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Climate and Environment

Heritage Fire Damages Mojave Desert Conservation Site, Leaving Vulnerable Wildlife Exposed

Smoke plumes above trees at Palisades Ranch in the Mojave Desert
The full scope of the damage caused by the Heritage Fire is still unclear, but Cody Hanford of the Mojave Desert Land Trust estimates at least 50% of the trees that came into contact with the blaze are dead or will die.
(Thomas Eagan
/
The Mojave Desert Land Trust )
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A riparian conservation area in the Mojave Desert has been damaged by the Heritage Fire, which has burned about 500 acres near Victorville, according to the San Bernardino County Fire Protection District.

While the fire is now about 95% contained, the full scope of the damage at Palisades Ranch is unclear.

What was once a river shielded by a forest in the middle of the desert is now exposed, leaving around 40 special-status wildlife species, including beavers, birds, and other animals, vulnerable to trespassers and invasive species.

That's a major concern for Cody Hanford, co-executive director of the Mojave Desert Land Trust.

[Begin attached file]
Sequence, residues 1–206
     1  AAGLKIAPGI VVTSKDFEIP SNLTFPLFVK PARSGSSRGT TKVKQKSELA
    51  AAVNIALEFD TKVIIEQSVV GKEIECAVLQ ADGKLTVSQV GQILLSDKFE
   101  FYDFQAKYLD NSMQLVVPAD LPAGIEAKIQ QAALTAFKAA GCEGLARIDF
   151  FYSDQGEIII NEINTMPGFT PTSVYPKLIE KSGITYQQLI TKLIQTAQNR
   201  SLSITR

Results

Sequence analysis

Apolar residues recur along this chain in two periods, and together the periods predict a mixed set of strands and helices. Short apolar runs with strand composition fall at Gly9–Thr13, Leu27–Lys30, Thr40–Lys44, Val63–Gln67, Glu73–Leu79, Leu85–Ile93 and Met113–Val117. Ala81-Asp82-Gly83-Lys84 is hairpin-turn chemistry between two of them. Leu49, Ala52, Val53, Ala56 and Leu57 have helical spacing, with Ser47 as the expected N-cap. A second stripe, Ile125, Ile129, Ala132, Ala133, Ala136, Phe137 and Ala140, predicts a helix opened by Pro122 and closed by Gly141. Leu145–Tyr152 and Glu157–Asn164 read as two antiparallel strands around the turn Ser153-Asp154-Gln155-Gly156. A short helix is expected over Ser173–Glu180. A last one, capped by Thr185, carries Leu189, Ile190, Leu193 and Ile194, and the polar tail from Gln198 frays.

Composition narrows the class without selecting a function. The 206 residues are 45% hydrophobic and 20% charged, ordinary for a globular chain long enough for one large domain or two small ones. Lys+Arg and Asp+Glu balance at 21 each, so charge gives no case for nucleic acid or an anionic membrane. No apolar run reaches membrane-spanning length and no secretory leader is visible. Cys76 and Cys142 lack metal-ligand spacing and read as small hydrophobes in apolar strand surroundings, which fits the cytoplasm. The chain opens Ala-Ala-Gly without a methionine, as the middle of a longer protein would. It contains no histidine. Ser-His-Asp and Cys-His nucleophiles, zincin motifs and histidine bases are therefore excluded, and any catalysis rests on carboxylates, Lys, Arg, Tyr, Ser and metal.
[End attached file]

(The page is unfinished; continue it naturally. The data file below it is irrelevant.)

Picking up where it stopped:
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"This time of year is nesting season for birds," he said. "So birds like the Western Yellow-Billed Cuckoo, the Least Bell's Vireo and the Lucy's warbler are really important — federally threatened — birds that depend on the area, and this was a really difficult time for them to have to flee a fire."

Hanford estimates about 50% of the trees that came into contact with the fire are dead.

A news release from the trust notes:

Very few records exist for some of the species recorded in this area, indicating they are at the limits of their normal ranges.

Still, there's a glimmer of hope, Hanford said. The trust and local agencies can learn more about fire recovery, and the fire also cleared out a lot of invasive species on the ranch.

"Riparian systems themselves are resilient, and over time, they can come back," he said. "As long as we do no harm to them and give them an opportunity."

An illustrated map calls out some of the native species including the desert tortoise, burrowing owl, screwbean mequite, least bell's vireo and fishhook cactus
(Courtesy Mojave Desert Land Trust)
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